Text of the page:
• Veronica Cline Barton

Details, Details—Let Those Feelings Shine Through

Well now that #RoyalWedding is officially over, it’s time to get back to writing (I’m still trying to catch up on sleep after staying up all night to watch the event live—more coffee please).  One thing I learned from this royal experience was the importance of details, and all the emotions and feelings that result from them. People crave being told all the intimate details of an event, not just the who-wore-what (although the fashion details were amazing) but the backstories as well, the backstories and details that give us some hint of was being felt during the time.  It’s these kind of details that are the most fascinating to me, and I, as a reader (and a writer), want more—to experience the feelings behind the details.

I believe it’s a writer’s ultimate responsibility to create the words that transform the story into mental images, giving readers the vivid details, and making them feel like they’re at the scene, feeling the same fears, doubts, love, and awe that the characters are experiencing. I’m not alone, many writer’s feel the same call of duty:

  1. “Life is not a plot; it’s in the details.” ― Jodi Picoult

  2. “The Devil is in the details, but so is salvation.” ― Hyman G. Rickover

  3. “Beware the person who won’t be bothered with details.” ― William Feather

  4. “My sense of the past is vivid and slow. I hear every sign and see every shadow.” ― Barry Hannah

  5. “. . . most martial artists want to know how A technique is done, A seasoned Sensei will demonstrate why” ― Soke Behzad Ahmadi

The #RoyalWedding gave us plenty examples of these feeling inducing details. Stories like Meghan racing across London in a baseball cap for her clandestine meetings with her Givenchy dress designer—I can imagine and feel her excitement build as she finalizes the dress, and I can see her in my mind making mad dashes to avoid the paparazzi, keeping her dress secrets safe until her big day (Well done Meghan, big surprises for us all who were trying to predict the designer and style of the dress).

Other events and background of that day gave us more to think about. Prince Harry’s efforts to include memories of his mother Diana in many of the wedding details was heartwarming—words from a favorite hymn that made him tear up at the alter, the blue aquamarine ring he gifted to Meghan–a favorite of his mother’s. I think all of us were on edge thinking about the younger bridesmaids and pages, all under the age of 7, making their way down the aisle of St. George’s Chapel—would they make it without any mishaps or tears?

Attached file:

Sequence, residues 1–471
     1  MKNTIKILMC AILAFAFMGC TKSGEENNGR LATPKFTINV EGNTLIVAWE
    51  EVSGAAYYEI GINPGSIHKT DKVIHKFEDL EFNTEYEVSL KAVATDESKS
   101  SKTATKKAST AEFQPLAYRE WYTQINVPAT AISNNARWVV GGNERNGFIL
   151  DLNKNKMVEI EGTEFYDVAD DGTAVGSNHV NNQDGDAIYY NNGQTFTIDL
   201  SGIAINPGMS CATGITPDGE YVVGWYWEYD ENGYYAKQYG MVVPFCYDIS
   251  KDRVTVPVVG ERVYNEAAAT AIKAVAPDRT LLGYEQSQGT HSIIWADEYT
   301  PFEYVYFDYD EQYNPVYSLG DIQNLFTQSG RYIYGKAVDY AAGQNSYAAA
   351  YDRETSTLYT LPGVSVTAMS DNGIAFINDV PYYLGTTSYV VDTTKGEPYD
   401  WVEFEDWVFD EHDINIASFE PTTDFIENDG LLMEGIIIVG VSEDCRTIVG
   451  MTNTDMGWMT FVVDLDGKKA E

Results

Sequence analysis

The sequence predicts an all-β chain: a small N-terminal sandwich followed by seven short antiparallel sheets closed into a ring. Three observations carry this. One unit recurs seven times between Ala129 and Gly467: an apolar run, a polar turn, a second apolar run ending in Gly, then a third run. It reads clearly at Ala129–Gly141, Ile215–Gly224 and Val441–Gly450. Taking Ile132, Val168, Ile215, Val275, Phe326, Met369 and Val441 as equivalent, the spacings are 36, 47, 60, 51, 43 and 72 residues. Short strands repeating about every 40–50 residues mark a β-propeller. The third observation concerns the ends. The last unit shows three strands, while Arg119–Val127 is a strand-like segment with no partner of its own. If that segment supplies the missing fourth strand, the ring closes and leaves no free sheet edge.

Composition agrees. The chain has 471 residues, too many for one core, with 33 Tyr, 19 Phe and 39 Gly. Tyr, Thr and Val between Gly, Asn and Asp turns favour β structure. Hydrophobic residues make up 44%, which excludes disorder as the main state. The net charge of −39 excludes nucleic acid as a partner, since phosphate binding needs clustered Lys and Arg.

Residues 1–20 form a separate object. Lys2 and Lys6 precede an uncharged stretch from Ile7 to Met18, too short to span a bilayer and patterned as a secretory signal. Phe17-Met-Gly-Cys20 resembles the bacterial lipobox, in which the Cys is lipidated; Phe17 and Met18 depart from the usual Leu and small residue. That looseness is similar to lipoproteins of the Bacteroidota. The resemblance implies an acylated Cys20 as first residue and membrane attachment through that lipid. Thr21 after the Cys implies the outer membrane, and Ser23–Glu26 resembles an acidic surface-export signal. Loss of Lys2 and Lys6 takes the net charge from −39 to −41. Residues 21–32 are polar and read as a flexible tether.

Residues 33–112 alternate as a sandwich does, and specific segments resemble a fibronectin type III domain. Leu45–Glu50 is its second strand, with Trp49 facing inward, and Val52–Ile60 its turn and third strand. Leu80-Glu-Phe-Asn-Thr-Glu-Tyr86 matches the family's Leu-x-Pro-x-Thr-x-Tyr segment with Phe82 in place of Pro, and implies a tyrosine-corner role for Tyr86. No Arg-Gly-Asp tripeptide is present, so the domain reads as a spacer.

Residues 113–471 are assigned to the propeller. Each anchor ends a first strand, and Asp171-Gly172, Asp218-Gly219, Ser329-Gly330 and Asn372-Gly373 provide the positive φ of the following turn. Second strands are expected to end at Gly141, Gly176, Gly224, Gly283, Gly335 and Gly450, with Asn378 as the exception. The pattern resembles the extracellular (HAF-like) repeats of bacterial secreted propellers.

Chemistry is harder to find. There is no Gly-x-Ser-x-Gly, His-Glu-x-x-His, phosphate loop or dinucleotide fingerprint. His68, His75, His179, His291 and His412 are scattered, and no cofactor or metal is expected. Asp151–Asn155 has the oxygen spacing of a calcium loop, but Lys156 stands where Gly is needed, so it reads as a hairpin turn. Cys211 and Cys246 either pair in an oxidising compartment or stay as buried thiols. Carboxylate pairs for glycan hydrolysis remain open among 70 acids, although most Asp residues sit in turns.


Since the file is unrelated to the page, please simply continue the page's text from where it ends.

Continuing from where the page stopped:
Even dear Oprah let us experience some of her panic when we learned of her having to get a bespoke (had to look this term up—it’s a British term for a custom creation) dress from Stella McCartney in 24 hours because her friend Gayle King thought her first dress’s color would clash with the bride’s. (Can you imagine having to get a custom dress made in 24 hours—I guess being a billionaire does have it’s advantages 🙂 ).  Catherine recycling her Alexander McQueen dress coat (it was yellow—not ivory) for the third time made many of us smile (and of course brought out the trolls who claimed she was trying to outshine the bride).

I loved learning the history details behind Queen Mary’s tiara—the diamond bandeau in a platinum flexible band, made in 1932, with center brooch made in 1893. This will likely be the new Duchess of Sussex’s go to tiara for future events—I imagine since it was worn on her wedding day it will always have a special place in her heart. It was learning these details, and what was going on behind the scenes, that made me appreciate the wedding watching experience so much more. I wasn’t just watching and being fed straight facts—I got the backstories of what had happened, and that made a big difference to me.

One of my travel experiences illustrates some of these same points. The featured picture of the Eiffel Tower today (ok I’m still a bit under the influence of royal love) was taken in March 2017. Just looking at the picture you might think that it’s an upward shot of the tower, much like many of the pictures taken before by millions of others. The backstory here was that I was purposely aiming the camera upward to get the shot because there were haphazard, leaning, chain link fences surrounding the base of the beloved monument at that time. Security measures prohibited walking under the monument without having a ticket and being searched and screened before you were let in. I found this very sad, that a beloved world monument had been reduced to being robed in leaning chain link fences. My hand-drawn xoxo was put over this picture to remind me of that day, and give me hope that one day the fences would be removed. It’s a detail with a backstory I want to remember.

So think about these detail induced feelings the next time you write or take pictures. Take the time to document and give us the backstories so that we know and can experience what is going on, feeling the environment of the moment. Your readers will thank you, and I think you may surprise yourself too.

Crowns and Kisses,

Veronica

P.S. I’ll close with one more quote, perfect way to deal with those feelings of hurt or anger (and don’t leave out any details): “When someone is mean to me, I just make them a victim in my next book.” MARY HIGGINS CLARK 

0 views
 

©2020 design by Compass Bespoke Creative Services.